San Francisco needs to admit it was wrong about vaping ban

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Research by the universities of Memphis and Florida into San Francisco’s banning of flavoured tobacco products suggests the measure was probably a mistake. While use of e-cigarettes fell, cigarette smoking rates increased, suggesting that the ban may have done more harm than good, finds the study published in Addictive Behaviors Reports.

The flavour ban in San Francisco City both reduced flavoured tobacco use overall and prompted attempts to quit or reduce consumption, and its impact varied by people's characteristics and the product category, the research found. However, users were still able obtain banned tobacco products through multiple ways, and the effectiveness of the ban was further compromised by retailers' non-compliance.


San Francisco cares about your health – so much so that they outright banned the sale of e-cigarettes in 2020, writes James Czerniawski in a 19 August 2020 opinion article for The Centre Square, a US journalism initiative reporting on government and the economy.

As usual for San Francisco, the ultra-progressive city sought to be a leader in the fight against electronic cigarettes, issuing one of the most stringent measures taken in the US. However, a recent study shows that the measure was probably a costly mistake. The very bans enforced by the city may well have ended up doing more harm than good.

There’s no reason to argue that smoking is a good thing, whether e-cigarettes or regular. The science is fairly clear on what happens when people smoke, it can be extraordinarily harmful to their bodies. Smoking cigarettes after all, is the leading preventable cause of death in the US, killing just under half a million a year.

San Francisco passed the measure as a precautionary principle, saying: "This is a decisive step to help prevent another generation of San Francisco children from becoming addicted to nicotine."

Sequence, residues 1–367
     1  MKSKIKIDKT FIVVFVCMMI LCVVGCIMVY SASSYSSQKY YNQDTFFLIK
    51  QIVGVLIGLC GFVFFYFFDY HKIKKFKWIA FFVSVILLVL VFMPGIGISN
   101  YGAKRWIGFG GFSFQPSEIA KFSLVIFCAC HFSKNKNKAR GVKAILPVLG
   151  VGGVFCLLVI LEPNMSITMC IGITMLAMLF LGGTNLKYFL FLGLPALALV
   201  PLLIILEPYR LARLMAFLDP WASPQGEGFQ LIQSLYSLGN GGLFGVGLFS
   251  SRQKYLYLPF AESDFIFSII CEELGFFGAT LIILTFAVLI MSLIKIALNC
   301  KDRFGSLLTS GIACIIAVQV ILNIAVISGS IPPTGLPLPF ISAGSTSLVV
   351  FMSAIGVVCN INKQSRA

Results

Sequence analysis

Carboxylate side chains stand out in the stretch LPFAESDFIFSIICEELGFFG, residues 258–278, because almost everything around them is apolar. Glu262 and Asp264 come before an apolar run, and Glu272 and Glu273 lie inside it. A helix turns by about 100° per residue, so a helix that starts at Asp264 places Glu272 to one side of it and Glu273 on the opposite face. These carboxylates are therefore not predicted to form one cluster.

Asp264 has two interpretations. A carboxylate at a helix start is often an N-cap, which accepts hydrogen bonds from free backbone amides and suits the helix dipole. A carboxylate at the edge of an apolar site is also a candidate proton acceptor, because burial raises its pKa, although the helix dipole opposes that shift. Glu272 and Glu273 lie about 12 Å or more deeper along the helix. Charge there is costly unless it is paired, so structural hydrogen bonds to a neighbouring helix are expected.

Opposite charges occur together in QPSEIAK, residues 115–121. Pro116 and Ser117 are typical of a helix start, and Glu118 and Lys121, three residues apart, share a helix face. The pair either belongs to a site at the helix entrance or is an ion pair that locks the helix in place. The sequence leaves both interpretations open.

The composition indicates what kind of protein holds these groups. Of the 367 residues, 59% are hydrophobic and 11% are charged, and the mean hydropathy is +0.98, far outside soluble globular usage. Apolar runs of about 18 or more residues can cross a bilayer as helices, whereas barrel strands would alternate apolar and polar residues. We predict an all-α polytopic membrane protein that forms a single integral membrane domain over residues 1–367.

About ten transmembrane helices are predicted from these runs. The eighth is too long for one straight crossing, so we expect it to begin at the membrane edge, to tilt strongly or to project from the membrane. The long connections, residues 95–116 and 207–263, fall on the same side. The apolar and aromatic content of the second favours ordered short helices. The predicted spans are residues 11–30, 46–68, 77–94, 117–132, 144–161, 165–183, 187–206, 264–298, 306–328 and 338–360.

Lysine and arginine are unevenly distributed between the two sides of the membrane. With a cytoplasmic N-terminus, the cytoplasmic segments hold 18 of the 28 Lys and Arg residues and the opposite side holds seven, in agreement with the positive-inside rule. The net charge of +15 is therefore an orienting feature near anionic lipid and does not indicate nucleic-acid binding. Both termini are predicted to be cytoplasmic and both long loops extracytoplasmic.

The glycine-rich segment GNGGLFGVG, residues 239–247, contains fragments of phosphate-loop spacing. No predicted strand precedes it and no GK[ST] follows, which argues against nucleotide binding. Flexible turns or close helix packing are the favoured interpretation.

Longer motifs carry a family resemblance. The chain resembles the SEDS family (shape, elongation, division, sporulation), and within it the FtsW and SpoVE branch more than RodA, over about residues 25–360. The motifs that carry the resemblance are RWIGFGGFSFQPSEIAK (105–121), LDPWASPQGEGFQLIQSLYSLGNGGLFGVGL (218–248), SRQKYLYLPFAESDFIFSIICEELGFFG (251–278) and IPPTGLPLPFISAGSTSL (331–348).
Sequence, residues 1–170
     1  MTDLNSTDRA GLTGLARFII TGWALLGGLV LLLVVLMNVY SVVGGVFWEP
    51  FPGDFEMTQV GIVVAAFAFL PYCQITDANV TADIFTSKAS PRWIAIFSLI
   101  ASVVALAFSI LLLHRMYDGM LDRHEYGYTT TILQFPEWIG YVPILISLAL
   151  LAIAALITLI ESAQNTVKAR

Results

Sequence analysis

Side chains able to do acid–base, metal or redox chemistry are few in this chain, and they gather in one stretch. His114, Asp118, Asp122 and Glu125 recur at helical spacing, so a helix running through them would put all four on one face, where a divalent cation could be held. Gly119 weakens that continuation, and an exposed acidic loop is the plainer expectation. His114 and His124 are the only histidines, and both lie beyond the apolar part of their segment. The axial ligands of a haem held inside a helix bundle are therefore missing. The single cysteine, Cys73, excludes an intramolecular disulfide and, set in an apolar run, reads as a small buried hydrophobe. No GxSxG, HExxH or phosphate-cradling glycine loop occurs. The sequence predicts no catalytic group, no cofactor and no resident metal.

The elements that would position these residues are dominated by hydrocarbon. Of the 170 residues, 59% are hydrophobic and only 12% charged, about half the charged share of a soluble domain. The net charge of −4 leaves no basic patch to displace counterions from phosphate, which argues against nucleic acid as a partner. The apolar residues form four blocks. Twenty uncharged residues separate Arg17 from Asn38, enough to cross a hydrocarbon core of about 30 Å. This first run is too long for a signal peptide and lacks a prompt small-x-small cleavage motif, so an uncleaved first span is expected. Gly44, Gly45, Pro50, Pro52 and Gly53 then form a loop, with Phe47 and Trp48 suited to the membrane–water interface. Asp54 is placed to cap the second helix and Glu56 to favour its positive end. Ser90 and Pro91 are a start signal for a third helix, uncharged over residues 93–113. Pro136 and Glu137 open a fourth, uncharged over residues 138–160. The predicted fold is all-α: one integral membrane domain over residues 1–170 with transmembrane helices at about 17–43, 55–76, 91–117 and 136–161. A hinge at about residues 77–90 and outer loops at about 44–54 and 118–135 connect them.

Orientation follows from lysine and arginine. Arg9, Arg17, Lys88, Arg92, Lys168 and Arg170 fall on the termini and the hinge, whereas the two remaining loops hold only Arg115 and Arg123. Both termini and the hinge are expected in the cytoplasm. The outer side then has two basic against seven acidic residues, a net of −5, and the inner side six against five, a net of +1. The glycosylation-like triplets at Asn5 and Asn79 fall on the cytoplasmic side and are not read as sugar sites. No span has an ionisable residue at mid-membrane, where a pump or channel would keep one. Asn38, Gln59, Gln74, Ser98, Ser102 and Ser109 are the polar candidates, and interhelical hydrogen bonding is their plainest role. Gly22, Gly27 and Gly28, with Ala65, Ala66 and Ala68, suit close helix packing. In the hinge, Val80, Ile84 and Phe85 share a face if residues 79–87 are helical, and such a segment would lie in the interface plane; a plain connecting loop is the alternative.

Bad science

But they’re relying on bad science as a basis for decisions, opines Czerniawski in The Centre Square. For example, the Food and Drug Administration (FDA), knowingly executed a campaign against vaping and e-cigarettes littered with misinformation about the products.

It is unfortunate that such an important institution would rely on such tactics, as it takes away from having a genuine conversation.

As health care writer Elise Amez-Droz put it: “Exaggerating the severity of a problem in the effort of catching public attention and bringing awareness to a harmful trend is one thing. It’s quite another to paint a highly effective alternative like vaping as a great danger and make it an imaginary public health threat – when it’s not.”

The reality is that the data doesn’t back either the FDA or the city of San Francisco in their claims. A look at the Health and Human Services Department can tell one as much. They report a consistent decline in usage of cigarettes in high school going back decades. In 2018, only 3.6 percent of high school seniors smoked cigarettes daily. Only 5 percent of high school students had reported smoking a cigarette in the past month. None of this even takes into account solid evidence showing that smoking e-cigarettes is a path to quitting from smoking in general.

The new research

In the recent study looking at the ban in San Francisco, researchers studied over 200 young adults in San Francisco who smoked e-cigarettes. The results weren’t all that great for the city, continues Czerniawski in The Centre Square.

For example, one result they found was that the sale of traditional cigarettes surged in San Francisco. That’s unsurprising, given that the option of e-cigarettes was taken away from smokers. The study also found that the ban was essentially ineffective, as people just went to retailers online and out of the city to get the thing they wanted. The ban also did not curb the use of flavoured e-cigarettes, since 60 percent of people still used them after the ban.